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By Roma Dhanani

In an emerging digital society, perpetuating racial injustice is something we should be concerned about. Facial recognition systems misidentify people of color more often than white people, which could lead to wrongly identifying suspects of a crime. Ethnic profiling within policing can also influence automated systems to target neighborhoods which are predominantly people of color, or otherwise innocent people. A lot of us have heard about these issues in the United States, but don’t realize that it hits much closer to home and is also an important topic of discussion right here in the Netherlands.

This project investigates certain digital technologies used in the Netherlands as a concern for racial bias outcomes. The technologies identified are predictive policing systems, such as the Crime Anticipation System (CAS) that is currently implemented nation-wide already, automated algorithms such as SyRi, and facial recognition technologies used to target criminal suspects. Based on qualitative research, it was understood that this problem mainly stems from systemic racism with deep historic roots, and that awareness and education within academia is an important step to solving this issue. In order for Amsterdam (or any city, for that matter) to consciously grow as a smart city, as well as to be as inclusive and fair as possible, a workshop on racial bias within algorithms and AI is proposed to be given to university students working in the field (think future technologists, UX designers, user researchers, creative directors, etc.), with the goal to increase their awareness on racial bias, where it stems from and how it happens, as well as to provide solutions to reduce the risks of these outcomes. Thus, the goal is to be one step closer into solving the problem of further racial injustice being perpetuated through new and emerging digital technologies.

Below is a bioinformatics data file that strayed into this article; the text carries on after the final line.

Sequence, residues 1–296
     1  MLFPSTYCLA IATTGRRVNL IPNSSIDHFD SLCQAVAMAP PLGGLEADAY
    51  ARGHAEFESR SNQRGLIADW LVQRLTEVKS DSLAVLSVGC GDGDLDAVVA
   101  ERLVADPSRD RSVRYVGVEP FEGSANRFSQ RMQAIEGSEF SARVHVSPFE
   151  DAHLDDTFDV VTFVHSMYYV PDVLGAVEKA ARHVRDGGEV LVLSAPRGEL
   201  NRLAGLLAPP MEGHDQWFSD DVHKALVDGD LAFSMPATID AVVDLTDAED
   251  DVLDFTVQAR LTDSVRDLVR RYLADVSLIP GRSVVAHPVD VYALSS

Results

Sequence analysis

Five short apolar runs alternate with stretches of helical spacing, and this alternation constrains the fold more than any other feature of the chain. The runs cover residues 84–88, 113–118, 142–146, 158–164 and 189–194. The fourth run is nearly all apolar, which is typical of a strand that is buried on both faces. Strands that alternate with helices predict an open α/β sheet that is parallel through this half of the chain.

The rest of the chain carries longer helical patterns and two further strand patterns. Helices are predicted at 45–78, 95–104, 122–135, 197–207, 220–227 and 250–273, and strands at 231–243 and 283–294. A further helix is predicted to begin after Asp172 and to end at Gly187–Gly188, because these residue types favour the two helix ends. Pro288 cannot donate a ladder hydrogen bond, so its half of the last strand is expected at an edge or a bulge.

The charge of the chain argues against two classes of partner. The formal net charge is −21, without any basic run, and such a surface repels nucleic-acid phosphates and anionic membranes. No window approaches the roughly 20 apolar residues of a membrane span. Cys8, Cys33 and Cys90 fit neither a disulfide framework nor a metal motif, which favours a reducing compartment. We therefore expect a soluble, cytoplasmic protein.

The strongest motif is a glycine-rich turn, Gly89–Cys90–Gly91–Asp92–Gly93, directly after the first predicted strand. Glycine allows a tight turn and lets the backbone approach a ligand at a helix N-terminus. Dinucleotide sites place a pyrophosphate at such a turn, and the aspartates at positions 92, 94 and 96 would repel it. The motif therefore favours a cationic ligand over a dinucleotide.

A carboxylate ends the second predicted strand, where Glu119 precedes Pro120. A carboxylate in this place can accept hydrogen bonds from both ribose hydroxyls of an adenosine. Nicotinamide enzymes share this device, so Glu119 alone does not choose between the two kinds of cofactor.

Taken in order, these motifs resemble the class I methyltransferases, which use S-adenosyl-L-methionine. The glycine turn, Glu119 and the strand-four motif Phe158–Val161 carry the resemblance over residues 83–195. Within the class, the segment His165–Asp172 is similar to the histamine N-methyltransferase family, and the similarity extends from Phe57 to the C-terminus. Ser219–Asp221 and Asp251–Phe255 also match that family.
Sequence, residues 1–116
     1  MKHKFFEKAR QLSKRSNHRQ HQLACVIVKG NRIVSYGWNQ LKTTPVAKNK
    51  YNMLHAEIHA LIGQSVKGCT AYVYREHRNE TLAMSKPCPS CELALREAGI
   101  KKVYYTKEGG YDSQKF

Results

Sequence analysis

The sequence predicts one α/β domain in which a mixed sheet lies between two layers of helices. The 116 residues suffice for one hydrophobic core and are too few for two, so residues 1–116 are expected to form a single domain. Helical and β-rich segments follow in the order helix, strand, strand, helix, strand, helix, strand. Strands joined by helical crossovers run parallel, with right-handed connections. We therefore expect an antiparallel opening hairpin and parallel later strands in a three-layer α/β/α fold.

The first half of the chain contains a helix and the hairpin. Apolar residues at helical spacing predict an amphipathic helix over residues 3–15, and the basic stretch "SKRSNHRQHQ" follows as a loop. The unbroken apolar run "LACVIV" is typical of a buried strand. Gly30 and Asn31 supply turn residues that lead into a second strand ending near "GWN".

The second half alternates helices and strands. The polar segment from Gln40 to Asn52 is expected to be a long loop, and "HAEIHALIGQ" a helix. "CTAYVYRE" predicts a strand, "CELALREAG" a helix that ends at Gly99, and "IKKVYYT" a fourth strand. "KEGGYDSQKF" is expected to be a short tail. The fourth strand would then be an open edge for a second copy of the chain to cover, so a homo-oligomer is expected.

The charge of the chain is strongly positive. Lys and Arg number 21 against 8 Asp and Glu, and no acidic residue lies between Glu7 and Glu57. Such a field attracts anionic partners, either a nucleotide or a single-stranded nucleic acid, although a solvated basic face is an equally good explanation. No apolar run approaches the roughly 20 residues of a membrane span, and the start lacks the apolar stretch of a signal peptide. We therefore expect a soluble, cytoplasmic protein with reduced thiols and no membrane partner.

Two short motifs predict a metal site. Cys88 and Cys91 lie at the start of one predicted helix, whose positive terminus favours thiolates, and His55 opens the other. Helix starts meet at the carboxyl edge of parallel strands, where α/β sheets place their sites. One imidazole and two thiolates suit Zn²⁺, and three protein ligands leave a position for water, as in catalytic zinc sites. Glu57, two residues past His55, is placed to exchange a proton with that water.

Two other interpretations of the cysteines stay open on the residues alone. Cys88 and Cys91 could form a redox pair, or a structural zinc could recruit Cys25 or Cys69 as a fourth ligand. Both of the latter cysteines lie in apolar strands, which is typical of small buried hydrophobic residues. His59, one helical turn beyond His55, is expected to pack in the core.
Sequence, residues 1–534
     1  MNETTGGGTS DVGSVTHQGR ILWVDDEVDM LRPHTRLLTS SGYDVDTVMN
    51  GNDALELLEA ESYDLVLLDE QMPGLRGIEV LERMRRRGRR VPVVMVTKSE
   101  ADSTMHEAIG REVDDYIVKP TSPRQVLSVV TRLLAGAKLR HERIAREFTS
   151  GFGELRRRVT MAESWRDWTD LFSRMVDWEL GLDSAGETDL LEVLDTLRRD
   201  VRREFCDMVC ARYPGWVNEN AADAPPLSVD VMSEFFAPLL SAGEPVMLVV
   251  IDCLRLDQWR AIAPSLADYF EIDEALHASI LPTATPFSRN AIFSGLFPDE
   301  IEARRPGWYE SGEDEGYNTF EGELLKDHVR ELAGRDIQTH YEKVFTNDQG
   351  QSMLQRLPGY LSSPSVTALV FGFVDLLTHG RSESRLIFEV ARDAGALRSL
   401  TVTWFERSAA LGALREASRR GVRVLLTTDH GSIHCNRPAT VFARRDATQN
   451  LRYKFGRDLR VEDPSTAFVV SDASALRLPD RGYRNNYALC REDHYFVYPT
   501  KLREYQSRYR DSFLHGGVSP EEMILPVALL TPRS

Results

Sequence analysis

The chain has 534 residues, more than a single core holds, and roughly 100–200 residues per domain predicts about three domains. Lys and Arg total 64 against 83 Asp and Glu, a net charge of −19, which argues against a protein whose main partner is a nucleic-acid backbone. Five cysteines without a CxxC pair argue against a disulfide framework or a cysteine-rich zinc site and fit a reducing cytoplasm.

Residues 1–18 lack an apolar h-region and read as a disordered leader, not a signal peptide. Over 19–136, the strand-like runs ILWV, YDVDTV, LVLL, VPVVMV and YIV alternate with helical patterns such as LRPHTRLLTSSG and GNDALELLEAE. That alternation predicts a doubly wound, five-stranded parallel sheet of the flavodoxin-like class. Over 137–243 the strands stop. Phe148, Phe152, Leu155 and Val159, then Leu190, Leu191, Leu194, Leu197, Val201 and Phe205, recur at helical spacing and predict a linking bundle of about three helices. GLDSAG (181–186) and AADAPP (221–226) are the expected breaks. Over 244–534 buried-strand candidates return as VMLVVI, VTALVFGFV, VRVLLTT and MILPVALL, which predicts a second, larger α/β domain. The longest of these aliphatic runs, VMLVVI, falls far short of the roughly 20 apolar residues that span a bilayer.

Roma Dhanani

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